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Birds of a feather display only a fraction of possible colors

Date:
June 22, 2011
Source:
University of Cambridge
Summary:
Contrary to our human perception of bird coloration as extraordinarily diverse, a new study reports that bird plumages exhibit only a small fraction (less than a third) of the possible colors birds can observe.
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Male peacock. Contrary to our human perception of bird coloration as extraordinarily diverse, a new study reports that bird plumages exhibit only a small fraction (less than a third) of the possible colours birds can observe.
Credit: © Eric Gevaert / Fotolia

Contrary to our human perception of bird coloration as extraordinarily diverse, a new study reports that bird plumages exhibit only a small fraction (less than a third) of the possible colours birds can observe.

Early lineages of living birds probably produced an even smaller range of colours, but the evolution of innovative pigments and structural (or optical) colours has allowed many birds to create more diverse and colourful plumages over time.

Researchers from the University of Cambridge and Yale University applied a mathematical model of bird vision to estimate the full range -- or gamut -- of avian plumage coloration and to explore how feather colours changed over the course of evolution.

Mary Caswell Stoddard of the University of Cambridge's Department of Zoology explained: "Birds are among the most colourful organisms on the planet. To our human eyes, birds seem to possess almost every colour imaginable -- but birds see the world very differently than we do."

Birds have an additional colour cone in their retinas that is sensitive to ultraviolet light, which allows them to see many colours invisible to humans.

Stoddard and co-author Richard Prum of Yale University measured hundreds of plumage colours and analyzed them in a tetrachromatic colour space, which combines raw information about the light feathers reflect with details about the colours birds can see. They found that bird plumage colours fall far short of filling the colour space, leaving vast regions unoccupied.

"Just as a newspaper can only print a fraction of the colours we humans can see, bird feathers can only produce a subset of colours that are theoretically visible to other birds," said Stoddard. "The intriguing part is thinking about why plumage colours are confined to this subset. Out-of-gamut colours may be impossible to make with available mechanisms, or they may be disadvantageous."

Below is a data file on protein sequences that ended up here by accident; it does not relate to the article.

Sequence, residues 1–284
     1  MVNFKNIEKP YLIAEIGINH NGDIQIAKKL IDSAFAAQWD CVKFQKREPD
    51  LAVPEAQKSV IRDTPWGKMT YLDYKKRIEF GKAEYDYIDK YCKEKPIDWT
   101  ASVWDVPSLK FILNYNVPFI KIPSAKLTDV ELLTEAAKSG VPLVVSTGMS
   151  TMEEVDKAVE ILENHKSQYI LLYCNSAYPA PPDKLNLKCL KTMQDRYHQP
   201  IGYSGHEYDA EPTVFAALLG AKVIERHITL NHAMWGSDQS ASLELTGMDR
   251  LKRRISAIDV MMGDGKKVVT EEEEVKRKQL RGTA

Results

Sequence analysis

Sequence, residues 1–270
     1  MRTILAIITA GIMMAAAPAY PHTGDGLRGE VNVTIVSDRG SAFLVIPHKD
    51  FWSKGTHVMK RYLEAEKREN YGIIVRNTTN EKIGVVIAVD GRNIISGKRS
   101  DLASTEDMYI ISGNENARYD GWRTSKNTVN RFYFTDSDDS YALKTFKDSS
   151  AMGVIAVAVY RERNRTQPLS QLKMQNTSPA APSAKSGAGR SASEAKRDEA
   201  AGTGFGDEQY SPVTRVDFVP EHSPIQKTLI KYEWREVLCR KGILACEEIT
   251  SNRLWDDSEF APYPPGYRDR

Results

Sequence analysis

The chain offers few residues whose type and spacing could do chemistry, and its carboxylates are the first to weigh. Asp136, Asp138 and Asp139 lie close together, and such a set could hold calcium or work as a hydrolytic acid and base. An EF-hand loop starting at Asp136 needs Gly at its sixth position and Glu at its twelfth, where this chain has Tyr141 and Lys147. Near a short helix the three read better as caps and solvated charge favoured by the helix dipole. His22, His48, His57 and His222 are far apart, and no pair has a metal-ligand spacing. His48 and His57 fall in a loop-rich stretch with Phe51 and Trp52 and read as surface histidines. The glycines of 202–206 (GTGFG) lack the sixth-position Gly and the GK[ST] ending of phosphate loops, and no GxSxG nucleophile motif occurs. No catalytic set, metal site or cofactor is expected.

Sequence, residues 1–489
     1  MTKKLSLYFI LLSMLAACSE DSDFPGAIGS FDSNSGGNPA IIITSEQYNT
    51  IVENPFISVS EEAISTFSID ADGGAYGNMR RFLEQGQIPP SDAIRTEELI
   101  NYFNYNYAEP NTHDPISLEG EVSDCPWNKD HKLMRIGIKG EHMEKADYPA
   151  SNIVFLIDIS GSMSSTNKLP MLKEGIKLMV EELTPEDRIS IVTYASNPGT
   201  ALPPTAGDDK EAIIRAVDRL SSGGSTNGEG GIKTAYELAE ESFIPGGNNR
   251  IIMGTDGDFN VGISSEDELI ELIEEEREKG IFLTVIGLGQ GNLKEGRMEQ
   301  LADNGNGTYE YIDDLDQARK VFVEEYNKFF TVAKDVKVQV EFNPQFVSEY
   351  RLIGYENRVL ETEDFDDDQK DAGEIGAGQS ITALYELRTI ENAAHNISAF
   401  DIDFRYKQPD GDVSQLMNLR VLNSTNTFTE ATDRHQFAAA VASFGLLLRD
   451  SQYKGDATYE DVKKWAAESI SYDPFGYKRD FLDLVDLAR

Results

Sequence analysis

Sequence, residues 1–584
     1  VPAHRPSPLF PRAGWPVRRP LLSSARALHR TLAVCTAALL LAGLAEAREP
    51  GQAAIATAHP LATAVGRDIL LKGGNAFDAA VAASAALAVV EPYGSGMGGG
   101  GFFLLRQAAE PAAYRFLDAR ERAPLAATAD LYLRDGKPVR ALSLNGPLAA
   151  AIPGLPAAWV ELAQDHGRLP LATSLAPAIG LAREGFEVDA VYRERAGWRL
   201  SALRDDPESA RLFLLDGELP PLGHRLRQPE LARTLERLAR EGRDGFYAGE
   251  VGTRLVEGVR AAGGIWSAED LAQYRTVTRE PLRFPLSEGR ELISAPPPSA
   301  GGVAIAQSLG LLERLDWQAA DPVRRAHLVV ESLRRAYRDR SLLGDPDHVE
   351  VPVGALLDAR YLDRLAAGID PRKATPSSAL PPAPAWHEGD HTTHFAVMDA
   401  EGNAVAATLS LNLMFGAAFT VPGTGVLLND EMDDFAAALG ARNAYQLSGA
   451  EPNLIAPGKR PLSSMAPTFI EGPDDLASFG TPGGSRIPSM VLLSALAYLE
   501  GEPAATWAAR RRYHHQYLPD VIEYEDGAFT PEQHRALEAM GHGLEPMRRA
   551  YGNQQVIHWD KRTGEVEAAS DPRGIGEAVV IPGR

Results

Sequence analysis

Over evolutionary time, novel coloration mechanisms have evolved in different groups of birds, allowing their plumages to become more colourful.

Prum stated: "Evolutionary innovations in the form of new pigments and structural colours enabled birds to colonize new areas of avian colour space. In the same way, human clothing was pretty drab before the invention of aniline dyes like mauve, but chemical inventions allowed clothing to become more diverse in colour. Our study documents the history of mechanistic constraints on bird colour diversity."

Bird plumages may only represent a fraction of bird-visible colours, but how colourful are they compared to other objects in the natural world? For comparison, the researchers analyzed an extensive set of flower colours as seen by birds. They determined that bird feather colours rival the diversity of plant coloration and have achieved some striking colours unattainable by flowers.

"To explore the limits and possibilities of bird coloration is a thrilling venture, and we have much yet to discover," said Stoddard.

Their findings are reported June 22 in the journal Behavioral Ecology.


Story Source:

The above story is based on materials provided by University of Cambridge. The original story is licensed under a Creative Commons license. Note: Materials may be edited for content and length.


Journal Reference:

  1. M. C. Stoddard, R. O. Prum. How colorful are birds? Evolution of the avian plumage color gamut. Behavioral Ecology, 2011; DOI: 10.1093/beheco/arr088

Cite This Page:

University of Cambridge. "Birds of a feather display only a fraction of possible colors." ScienceDaily. ScienceDaily, 22 June 2011. <www.sciencedaily.com/releases/2011/06/110622224504.htm>.
University of Cambridge. (2011, June 22). Birds of a feather display only a fraction of possible colors. ScienceDaily. Retrieved May 22, 2015 from www.sciencedaily.com/releases/2011/06/110622224504.htm
University of Cambridge. "Birds of a feather display only a fraction of possible colors." ScienceDaily. www.sciencedaily.com/releases/2011/06/110622224504.htm (accessed May 22, 2015).

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